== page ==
|US8232979||25 May 2005||31 Jul 2012||The Invention Science Fund I, Llc||Performing an action with respect to hand-formed expression|
|US8244074||11 Oct 2006||14 Aug 2012||The Invention Science Fund I, Llc||Electronic acquisition of a hand formed expression and a context of the expression|
|US8290313||11 Oct 2006||16 Oct 2012||The Invention Science Fund I, Llc||Electronic acquisition of a hand formed expression and a context of the expression|
|US8300943||1 Mar 2010||30 Oct 2012||The Invention Science Fund I, Llc||Forms for completion with an electronic writing device|
|US8340476||18 Mar 2005||25 Dec 2012||The Invention Science Fund I, Llc||Electronic acquisition of a hand formed expression and a context of the expression|
|US8599174||20 Nov 2006||3 Dec 2013||The Invention Science Fund I, Llc||Verifying a written expression|
|US8640959||31 Mar 2005||4 Feb 2014||The Invention Science Fund I, Llc||Acquisition of a user expression and a context of the expression|
|US8749480||24 Jun 2005||10 Jun 2014||The Invention Science Fund I, Llc||Article having a writing portion and preformed identifiers|
|US8787706||31 Mar 2005||22 Jul 2014||The Invention Science Fund I, Llc||Acquisition of a user expression and an environment of the expression|
|US8823636||20 Nov 2006||2 Sep 2014||The Invention Science Fund I, Llc||Including environmental information in a manual expression|
|US8897605||17 Jan 2011||25 Nov 2014||The Invention Science Fund I, Llc||Decoding digital information included in a hand-formed expression|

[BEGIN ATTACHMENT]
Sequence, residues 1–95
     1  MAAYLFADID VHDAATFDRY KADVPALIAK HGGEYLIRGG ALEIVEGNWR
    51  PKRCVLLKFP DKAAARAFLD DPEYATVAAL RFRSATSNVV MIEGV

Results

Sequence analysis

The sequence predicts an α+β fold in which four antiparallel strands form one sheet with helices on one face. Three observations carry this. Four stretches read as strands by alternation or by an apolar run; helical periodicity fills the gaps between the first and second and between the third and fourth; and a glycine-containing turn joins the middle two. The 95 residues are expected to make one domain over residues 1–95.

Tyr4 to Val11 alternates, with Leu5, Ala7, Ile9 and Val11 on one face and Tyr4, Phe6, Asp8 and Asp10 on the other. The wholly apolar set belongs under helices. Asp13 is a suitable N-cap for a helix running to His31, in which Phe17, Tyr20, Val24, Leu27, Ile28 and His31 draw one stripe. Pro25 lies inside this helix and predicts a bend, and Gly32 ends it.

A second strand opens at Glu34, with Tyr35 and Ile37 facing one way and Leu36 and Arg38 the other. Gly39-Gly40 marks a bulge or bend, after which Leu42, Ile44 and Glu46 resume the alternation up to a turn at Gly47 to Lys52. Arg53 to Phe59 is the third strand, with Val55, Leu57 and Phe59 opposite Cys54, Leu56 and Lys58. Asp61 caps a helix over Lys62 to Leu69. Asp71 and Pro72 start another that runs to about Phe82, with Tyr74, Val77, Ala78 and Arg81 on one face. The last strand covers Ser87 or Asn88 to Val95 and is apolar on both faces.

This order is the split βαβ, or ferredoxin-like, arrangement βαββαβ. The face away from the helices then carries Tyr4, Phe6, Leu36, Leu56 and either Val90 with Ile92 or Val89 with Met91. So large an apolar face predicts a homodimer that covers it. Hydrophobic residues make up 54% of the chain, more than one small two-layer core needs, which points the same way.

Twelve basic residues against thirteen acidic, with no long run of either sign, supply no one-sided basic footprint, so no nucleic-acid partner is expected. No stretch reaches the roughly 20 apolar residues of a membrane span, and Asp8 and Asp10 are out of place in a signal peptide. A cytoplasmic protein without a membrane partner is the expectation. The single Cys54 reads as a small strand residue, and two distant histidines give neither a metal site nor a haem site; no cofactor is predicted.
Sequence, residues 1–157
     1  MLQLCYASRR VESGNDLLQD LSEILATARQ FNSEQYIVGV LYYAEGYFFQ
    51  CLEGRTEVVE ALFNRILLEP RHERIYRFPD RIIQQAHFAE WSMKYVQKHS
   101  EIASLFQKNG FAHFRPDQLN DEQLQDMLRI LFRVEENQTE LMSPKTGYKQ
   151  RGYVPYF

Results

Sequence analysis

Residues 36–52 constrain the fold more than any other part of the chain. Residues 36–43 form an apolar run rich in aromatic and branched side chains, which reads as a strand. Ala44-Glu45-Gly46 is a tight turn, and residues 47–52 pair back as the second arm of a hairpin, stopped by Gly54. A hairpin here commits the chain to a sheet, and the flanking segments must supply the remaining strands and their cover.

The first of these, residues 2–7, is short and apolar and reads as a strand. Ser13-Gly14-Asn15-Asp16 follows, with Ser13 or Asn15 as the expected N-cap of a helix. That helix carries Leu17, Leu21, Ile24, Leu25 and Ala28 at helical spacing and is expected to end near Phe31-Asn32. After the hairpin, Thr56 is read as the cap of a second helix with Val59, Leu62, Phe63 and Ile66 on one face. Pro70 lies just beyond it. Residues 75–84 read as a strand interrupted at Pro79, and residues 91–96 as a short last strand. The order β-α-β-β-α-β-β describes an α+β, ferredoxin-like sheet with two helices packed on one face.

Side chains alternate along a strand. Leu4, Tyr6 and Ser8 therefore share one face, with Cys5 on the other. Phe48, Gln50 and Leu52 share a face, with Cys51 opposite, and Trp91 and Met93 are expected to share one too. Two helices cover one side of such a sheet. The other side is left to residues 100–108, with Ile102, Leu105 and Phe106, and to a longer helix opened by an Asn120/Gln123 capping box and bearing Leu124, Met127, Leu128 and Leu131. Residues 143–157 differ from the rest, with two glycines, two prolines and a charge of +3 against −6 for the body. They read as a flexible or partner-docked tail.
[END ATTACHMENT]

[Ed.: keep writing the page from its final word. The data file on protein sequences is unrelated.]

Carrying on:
|US8928632||20 Jul 2010||6 Jan 2015||The Invention Science Fund I, Llc||Handwriting regions keyed to a data receptor|
|US20040078347 *||17 Oct 2002||22 Apr 2004||Blair Flory H.||Postage franking device and method|
|US20040078348 *||31 Oct 2002||22 Apr 2004||Blair Flory H.||Postage franking system, device and method|
|U.S. Classification||177/148, D10/89, 177/224|
|International Classification||G01G1/02, G01G19/00|
|Cooperative Classification||G01G1/02, G01G19/002|
|European Classification||G01G19/00A, G01G1/02|
|25 Aug 1992||REMI||Maintenance fee reminder mailed|
|24 Jan 1993||LAPS||Lapse for failure to pay maintenance fees|
|6 Apr 1993||FP||Expired due to failure to pay maintenance fee|
Effective date: 19930124
|18 May 1998||AS||Assignment|
Owner name: WILLIAM MARTIN COLON, CALIFORNIA
Free format text: ASSIGNMENT OF ASSIGNORS INTEREST;ASSIGNOR:POLAR SPRING CORPORATION;REEL/FRAME:009187/0689
Effective date: 19980513